Palestinians eye restoration of US relations but scepticism abounds that Biden’s election win marks a strategic American policy change
By Linah Alsaafin
8 Nov 2020
In October 1973, newly elected Delaware Senator Joe Biden visited Israel on his first official overseas trip and met Israeli Prime Minister Golda Meir.
The 30-year-old was visibly moved as Meir explained what she said was Israel’s militarily dangerous situation surrounded by “enemy states”, but he cheered up when the Israeli leader revealed what she said was Israel’s secret weapon: The Israelis have nowhere else to go.
Biden has retold this story countless times, describing the event as “one of the most consequential meetings I’ve ever had in my life”.
It marked the beginning of his unwavering support for Israel and close ties with many Israeli leaders since then.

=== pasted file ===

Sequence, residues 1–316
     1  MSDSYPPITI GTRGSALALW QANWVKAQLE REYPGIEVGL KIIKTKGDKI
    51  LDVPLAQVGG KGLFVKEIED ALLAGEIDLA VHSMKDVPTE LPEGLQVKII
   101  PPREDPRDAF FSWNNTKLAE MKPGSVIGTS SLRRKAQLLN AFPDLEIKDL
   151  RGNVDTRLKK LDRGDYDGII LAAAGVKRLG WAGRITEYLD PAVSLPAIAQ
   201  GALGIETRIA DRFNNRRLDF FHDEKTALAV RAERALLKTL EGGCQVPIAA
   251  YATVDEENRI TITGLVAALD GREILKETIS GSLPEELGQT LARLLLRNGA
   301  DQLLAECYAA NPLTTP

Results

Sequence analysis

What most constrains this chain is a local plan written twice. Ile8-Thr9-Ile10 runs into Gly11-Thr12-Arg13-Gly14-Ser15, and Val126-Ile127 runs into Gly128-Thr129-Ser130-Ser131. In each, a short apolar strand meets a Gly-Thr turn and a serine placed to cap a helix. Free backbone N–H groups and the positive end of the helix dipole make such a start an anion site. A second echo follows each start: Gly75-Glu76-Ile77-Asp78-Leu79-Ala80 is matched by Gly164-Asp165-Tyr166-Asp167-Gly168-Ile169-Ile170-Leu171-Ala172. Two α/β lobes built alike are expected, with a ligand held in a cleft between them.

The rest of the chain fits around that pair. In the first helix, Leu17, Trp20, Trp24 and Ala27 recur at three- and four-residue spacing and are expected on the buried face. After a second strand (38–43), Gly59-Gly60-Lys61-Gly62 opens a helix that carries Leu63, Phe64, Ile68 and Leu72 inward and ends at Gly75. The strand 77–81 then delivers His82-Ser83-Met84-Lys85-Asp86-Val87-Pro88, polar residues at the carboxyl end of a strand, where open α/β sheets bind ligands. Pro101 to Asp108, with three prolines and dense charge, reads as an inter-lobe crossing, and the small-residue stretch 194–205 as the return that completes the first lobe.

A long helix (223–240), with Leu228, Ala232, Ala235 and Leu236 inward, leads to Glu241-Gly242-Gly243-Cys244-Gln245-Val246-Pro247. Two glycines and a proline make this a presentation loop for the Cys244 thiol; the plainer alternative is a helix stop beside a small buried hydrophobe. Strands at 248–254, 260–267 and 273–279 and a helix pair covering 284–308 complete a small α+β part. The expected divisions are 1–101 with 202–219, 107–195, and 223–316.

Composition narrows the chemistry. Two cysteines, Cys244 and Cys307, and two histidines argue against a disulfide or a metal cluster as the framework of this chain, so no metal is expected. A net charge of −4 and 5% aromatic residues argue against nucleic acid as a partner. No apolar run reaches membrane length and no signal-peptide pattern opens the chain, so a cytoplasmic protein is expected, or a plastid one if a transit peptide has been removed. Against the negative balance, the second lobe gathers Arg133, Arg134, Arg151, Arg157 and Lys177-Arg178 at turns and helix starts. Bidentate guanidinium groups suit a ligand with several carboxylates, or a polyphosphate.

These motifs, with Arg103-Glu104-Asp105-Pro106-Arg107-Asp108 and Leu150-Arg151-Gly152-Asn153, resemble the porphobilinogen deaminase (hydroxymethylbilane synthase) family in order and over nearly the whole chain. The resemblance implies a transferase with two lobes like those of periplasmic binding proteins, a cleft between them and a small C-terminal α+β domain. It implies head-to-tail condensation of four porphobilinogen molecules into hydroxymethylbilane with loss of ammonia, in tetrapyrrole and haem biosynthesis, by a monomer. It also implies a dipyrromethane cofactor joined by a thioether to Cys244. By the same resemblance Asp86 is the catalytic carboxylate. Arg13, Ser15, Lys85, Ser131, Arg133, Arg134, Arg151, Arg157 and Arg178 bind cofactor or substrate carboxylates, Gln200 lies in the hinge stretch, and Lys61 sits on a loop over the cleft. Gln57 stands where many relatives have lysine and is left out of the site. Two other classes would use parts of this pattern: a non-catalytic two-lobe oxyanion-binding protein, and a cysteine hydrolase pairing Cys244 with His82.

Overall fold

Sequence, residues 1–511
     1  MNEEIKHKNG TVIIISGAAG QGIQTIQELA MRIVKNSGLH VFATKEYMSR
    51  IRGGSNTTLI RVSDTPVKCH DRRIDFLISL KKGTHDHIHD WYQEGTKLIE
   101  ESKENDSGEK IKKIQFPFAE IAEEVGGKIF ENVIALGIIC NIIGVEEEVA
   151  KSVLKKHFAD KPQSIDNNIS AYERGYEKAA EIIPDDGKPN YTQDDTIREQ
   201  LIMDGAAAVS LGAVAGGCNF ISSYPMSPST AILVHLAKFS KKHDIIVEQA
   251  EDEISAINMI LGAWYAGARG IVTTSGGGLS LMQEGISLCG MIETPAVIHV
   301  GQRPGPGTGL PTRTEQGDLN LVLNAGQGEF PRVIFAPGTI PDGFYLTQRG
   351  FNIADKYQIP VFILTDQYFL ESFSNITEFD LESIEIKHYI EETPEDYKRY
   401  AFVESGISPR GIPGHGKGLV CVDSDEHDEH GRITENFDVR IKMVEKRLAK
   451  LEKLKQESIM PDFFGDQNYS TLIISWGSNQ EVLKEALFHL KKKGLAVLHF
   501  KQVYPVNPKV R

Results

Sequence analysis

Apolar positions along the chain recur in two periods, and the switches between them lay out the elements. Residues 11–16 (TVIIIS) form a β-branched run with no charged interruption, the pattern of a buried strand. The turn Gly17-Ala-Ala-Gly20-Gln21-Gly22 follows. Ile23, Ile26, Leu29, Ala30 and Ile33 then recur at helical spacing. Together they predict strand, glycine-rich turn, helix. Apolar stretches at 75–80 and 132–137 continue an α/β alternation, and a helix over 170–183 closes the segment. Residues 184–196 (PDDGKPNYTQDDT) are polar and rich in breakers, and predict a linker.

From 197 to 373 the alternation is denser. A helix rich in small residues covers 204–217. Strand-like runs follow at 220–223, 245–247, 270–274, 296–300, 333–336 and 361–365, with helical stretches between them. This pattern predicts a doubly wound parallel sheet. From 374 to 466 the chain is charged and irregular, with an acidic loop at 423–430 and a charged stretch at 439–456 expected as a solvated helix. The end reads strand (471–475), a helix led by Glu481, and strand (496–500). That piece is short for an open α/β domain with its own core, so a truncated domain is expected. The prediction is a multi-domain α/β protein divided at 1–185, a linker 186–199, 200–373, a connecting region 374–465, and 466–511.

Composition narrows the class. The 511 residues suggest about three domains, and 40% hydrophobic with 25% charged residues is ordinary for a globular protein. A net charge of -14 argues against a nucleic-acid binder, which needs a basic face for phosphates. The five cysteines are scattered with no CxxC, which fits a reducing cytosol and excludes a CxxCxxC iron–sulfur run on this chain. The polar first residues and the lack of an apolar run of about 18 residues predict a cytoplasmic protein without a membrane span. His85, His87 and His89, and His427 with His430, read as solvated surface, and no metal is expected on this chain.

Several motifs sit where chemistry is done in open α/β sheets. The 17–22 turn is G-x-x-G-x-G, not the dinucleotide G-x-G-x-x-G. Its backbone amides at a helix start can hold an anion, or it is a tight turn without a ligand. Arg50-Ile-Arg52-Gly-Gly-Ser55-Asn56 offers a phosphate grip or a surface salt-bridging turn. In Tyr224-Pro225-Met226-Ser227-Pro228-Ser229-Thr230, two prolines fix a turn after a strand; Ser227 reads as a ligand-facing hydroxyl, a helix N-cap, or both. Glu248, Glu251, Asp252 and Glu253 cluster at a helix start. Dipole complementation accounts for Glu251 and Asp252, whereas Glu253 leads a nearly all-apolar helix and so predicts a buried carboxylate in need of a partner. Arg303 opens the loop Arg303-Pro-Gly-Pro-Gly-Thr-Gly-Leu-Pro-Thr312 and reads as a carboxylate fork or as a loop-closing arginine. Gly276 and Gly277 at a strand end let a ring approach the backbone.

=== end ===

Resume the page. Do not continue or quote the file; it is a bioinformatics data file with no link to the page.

Fast forward 13 years later when Biden delivered an impassioned speech to the US Senate, making it clear that American interests are closely tied to those of Israel.
“It’s about time we stop apologising for our support for Israel,” he told lawmakers in June 1986. “It is the best $3bn investment we make. If there weren’t an Israel, the United States of America would have to invent an Israel to protect her interests in the region.”